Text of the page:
Harold (Hal) Prior June 16, 2007 10:15PMOnce you leave the city limits of Austin you have no problem as long as you respect the rights of private property. To the west and north toward Llano nearly every road cut has abundant fossils. Some of the small dirt roads on west side of lakes (Travis) have so many fossils along the roads it difficult to walk on them (Sea urchins, oysters, etc.). Every new roadcut west of Austin has the potential for mineral occurences. Just be careful and use common sense around traffic and ledges. Wish I was still close enough to roam around the Texas hills. .....Hal P
David Aldridge June 16, 2007 11:30PMHeather, I'm currently in Austin myself visiting my cousins, but I go back to Dallas tomorrow. I recommend Mt. Bonnell. Go early in the morning. The rocks heading up to the entrance of the trail (from the parking lot) have LOTS of strontianite. I collected about 10 pounds of it the last time I went.\
Franklin Roberts June 18, 2007 12:14AMHeather,
Call me at (512) 848-8309. I can escort you onto several private collecting areas where you and your sons can have a great time collecting minerals.
David, if you had told me you were going to be in town, I could have taken you to Badu Hill with me yesterday.
silvetta ann January 03, 2008 03:15AMFranklin, adopt me--
and my granddaughter.
I found one eighth to one half inch thick running layers of super clear glass-like sheets in a bluff around Aspermont, TX. They aren't totally flat like a pane of glass, they seemed to conform to the pressure of the rock pressing them above and below. It was so weird to see, I was stunned and mystifried, and that's note worthy. I dug out several pieces but most were in such HUGE heavy sheets I couldn't get them out. The land belongs to my daughter-in-law's family. They said the "stuff" is broken up in most creek beds and they don't think of it as anything special (anymore than sand). PLEASE tell me what you think it is. Could it the bastard offspring of an incandescent merging of diamonds and selenite? A glass company's 3 million year old dumpsite? WhaTha?
is there any place that would be interesting, as far as minerals (or hidden diamonds) in the Abilene area we could go seek and find? We spend way too much time where the James crosses the Llano around Mason. I have a granddaughter that is growing into my rockhound shoes and I'm running out of places to take her.
Iâ€™m taking her to the Great Salt Plains Lake out side of Jet, Oklahoma this year, I wish I could find something like that close to Abilene. Lake Abilene just doesn't cut it when it comes to possible jewelry making stones, albeit there is some freaky-deekie rocks around that lake.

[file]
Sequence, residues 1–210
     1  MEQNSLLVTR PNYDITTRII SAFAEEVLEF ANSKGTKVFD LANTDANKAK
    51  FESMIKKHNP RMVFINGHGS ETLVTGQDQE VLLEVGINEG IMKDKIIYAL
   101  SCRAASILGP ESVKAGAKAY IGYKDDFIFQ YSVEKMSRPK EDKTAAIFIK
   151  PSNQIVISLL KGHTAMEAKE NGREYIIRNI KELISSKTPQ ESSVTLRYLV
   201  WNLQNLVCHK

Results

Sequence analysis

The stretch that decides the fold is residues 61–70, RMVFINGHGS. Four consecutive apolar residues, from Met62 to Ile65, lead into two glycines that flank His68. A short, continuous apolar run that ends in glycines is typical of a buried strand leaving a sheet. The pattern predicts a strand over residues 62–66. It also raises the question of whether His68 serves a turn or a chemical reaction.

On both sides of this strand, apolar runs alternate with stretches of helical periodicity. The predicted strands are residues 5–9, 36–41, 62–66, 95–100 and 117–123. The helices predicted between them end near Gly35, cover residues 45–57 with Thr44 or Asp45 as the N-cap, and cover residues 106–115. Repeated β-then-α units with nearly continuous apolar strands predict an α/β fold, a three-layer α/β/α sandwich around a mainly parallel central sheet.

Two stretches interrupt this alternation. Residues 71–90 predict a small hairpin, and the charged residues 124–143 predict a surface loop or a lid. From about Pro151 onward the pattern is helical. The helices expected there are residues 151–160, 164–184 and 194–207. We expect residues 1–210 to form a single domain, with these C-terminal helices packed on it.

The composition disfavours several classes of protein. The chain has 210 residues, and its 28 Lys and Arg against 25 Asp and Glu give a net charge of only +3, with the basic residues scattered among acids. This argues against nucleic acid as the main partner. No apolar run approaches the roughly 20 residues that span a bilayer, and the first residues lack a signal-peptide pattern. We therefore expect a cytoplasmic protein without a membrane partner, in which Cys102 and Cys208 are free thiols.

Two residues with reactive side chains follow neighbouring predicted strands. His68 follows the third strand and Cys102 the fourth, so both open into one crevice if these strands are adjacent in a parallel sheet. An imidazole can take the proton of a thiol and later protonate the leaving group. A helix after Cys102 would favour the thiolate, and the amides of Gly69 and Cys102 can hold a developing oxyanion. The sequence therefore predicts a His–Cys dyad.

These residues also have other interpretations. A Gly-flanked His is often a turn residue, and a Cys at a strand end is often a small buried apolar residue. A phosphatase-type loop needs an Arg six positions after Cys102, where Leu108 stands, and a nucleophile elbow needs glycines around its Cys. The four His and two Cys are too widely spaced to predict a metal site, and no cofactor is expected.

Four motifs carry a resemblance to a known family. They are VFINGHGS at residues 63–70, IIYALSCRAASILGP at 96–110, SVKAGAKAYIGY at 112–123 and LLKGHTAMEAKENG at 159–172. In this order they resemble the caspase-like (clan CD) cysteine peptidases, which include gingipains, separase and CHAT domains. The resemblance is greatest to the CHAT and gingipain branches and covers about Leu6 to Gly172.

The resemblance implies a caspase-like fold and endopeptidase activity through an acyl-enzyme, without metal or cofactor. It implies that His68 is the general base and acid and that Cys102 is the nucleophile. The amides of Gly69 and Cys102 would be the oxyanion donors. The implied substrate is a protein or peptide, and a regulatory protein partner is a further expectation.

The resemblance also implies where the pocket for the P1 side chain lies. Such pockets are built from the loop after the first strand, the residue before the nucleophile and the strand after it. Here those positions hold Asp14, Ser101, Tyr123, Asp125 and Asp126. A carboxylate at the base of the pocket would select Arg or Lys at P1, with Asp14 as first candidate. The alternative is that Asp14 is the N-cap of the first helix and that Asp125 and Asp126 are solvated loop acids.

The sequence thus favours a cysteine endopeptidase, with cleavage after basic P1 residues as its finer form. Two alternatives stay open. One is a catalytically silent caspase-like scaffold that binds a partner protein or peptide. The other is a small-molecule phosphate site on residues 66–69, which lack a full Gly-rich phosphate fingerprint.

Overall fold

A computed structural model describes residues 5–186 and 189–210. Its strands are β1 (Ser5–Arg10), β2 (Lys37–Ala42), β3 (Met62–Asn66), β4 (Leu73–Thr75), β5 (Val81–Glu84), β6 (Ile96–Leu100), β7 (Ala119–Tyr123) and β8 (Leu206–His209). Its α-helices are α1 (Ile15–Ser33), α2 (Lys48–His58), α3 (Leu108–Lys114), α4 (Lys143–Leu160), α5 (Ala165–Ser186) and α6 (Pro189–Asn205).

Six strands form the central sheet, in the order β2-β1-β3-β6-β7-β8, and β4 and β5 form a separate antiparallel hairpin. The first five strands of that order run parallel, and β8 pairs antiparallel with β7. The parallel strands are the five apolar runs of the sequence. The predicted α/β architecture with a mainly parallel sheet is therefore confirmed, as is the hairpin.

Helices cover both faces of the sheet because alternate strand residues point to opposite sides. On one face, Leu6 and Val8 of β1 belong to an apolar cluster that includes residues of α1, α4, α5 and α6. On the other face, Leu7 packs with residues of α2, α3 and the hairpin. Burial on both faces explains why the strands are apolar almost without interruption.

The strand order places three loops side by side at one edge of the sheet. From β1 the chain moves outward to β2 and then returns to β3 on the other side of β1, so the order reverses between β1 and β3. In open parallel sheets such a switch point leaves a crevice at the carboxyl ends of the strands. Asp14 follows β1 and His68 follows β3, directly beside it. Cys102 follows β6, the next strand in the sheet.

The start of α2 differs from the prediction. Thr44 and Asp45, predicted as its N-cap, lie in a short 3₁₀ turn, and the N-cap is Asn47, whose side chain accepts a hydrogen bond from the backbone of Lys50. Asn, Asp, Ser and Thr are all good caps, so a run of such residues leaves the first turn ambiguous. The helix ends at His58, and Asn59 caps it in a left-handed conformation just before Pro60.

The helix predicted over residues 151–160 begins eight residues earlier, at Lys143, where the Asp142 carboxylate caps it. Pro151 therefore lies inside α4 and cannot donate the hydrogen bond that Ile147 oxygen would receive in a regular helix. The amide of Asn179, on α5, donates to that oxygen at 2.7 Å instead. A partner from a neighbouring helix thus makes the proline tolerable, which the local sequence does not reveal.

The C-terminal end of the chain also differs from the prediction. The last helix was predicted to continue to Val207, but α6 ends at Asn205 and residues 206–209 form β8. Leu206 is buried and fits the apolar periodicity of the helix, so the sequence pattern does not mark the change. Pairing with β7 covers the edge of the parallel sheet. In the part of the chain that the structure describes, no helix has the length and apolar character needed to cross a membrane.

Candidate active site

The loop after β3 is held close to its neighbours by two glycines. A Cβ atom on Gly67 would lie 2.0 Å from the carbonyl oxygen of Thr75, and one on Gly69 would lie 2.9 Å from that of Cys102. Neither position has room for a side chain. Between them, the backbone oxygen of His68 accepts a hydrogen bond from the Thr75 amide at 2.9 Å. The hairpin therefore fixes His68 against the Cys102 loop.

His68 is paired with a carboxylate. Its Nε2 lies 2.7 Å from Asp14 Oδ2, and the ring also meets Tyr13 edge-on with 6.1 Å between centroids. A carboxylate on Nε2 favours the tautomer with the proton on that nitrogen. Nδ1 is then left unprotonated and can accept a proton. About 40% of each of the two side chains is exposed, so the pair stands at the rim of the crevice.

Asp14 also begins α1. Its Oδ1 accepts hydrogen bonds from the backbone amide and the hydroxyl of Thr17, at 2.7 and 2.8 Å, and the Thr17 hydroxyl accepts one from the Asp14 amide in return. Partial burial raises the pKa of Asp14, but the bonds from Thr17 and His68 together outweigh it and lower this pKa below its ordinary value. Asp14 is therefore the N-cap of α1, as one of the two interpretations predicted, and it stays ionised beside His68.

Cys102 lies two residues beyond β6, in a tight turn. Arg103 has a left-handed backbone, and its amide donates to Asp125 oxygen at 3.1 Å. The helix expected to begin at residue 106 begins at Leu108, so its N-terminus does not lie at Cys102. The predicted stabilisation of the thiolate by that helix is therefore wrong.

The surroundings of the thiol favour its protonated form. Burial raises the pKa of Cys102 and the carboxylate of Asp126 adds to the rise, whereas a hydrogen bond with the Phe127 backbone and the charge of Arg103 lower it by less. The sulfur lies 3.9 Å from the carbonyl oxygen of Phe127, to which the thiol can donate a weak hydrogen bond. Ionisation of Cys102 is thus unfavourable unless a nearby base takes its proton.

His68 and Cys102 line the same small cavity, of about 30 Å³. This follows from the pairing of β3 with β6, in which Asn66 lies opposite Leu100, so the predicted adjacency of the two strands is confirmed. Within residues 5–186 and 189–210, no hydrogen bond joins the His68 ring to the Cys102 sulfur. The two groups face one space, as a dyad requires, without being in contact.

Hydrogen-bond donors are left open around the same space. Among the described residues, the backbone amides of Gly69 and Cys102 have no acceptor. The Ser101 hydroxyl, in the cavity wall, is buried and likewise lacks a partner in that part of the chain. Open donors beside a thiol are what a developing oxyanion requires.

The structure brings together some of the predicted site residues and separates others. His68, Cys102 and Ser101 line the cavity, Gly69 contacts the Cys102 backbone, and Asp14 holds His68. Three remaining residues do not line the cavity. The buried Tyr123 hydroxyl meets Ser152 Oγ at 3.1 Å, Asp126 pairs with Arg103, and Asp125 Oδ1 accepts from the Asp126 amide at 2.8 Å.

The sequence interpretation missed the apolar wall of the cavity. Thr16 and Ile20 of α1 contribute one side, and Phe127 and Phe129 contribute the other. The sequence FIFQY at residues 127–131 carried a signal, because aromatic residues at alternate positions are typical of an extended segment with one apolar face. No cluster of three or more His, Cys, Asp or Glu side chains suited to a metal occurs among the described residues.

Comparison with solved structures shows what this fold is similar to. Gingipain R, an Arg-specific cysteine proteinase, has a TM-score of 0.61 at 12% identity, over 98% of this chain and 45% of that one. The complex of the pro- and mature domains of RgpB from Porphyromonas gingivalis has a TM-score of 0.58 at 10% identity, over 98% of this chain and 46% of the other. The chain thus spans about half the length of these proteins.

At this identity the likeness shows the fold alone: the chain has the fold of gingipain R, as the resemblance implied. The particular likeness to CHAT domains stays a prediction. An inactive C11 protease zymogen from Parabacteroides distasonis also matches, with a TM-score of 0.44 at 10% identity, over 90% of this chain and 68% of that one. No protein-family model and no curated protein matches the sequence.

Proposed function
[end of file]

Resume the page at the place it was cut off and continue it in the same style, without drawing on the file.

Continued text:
We are members of the rock club that's here in Abilene and weâ€™re both learning how to slice and dice stones. She is only nine years old and this is the very first passion in her life, and I want to find more places that will keep her off the streets and digging in the dirt for several years. Thanks so much for taking anytime to respond. And, if it's too much to type to explain, call me 325.660.0659
Bill Baker Barr January 04, 2008 07:50PMHi, Rachel,
It's not exactly close to Abilene (except maybe by Texas definition of "close"?), but you should definitely take your young rockhound down to the Big Bend area. You can collect high quality agates, great for polishing, at the Woodward Ranch south of Alpine and the Stilwell Ranch south of Marathon. The Davis Mountains between Alpine and I-10 are beautiful volcanic terrain. Ask the nice lady at the Blue Agate Rock Shop in Fort Davis about local collecting, including down around Terlingua (and buy some beautiful Balmorhea agate). The Moonlight Gemstones shop in Marfa also has great local agates and other stuff, and may be able to advise on local collecting. That is just gorgeous country around there!
Ted Tower January 27, 2008 10:39PMWhat is the best way too get started in the rockhounding? I'm retired nd don't know much about the difference in the rocks. Also ,would like to know some good places to goto begin my hunting.
I live in Dripping Spring,and have alot of marine fossils on my small piece of property.Thanks for any help you can give.
Bill Baker Barr January 30, 2008 05:32AMThe best advice I or anyone else can give you is to join a club of rock & mineral enthusiasts, where you will find lots of helpful, generous people interested in different aspects of the geology-related hobbies, pursuits and obsessions.
According to the Bob's Rock Shop website, there's a club in Waco: WACO GEM & MINERAL CLUB,â€¨ PO Box 8811 (76714-8811),â€¨ Meetings: 1st Monday, 7:30 pm, Richfield Christian Church â€¨Fellowship Hall, 4201 Cobb Dr.
There are also clubs fairly near to you (by Texas standards): in Austin, visit http://www.austingemandmineral.org/ and in Arlington, visit http://agemclub.org/
Texas is full of sedimentary rocks with fossils. For minerals, you're fortunate to live near the Llano Uplift, a great region for collectors, especially those interested in pegmatite occurrences - check out this thread for details and contacts. If you become interested in lapidary work, southern Texas has lots of petrified wood, and the Big Bend area is one of the premier agate-producing regions in the country.